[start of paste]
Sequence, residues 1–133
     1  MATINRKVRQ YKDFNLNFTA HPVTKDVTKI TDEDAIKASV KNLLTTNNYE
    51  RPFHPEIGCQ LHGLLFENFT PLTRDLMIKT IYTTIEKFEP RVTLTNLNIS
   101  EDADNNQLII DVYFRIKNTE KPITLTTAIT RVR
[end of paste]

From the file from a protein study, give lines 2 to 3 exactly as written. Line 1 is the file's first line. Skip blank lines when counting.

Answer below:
     1  MATINRKVRQ YKDFNLNFTA HPVTKDVTKI TDEDAIKASV KNLLTTNNYE
    51  RPFHPEIGCQ LHGLLFENFT PLTRDLMIKT IYTTIEKFEP RVTLTNLNIS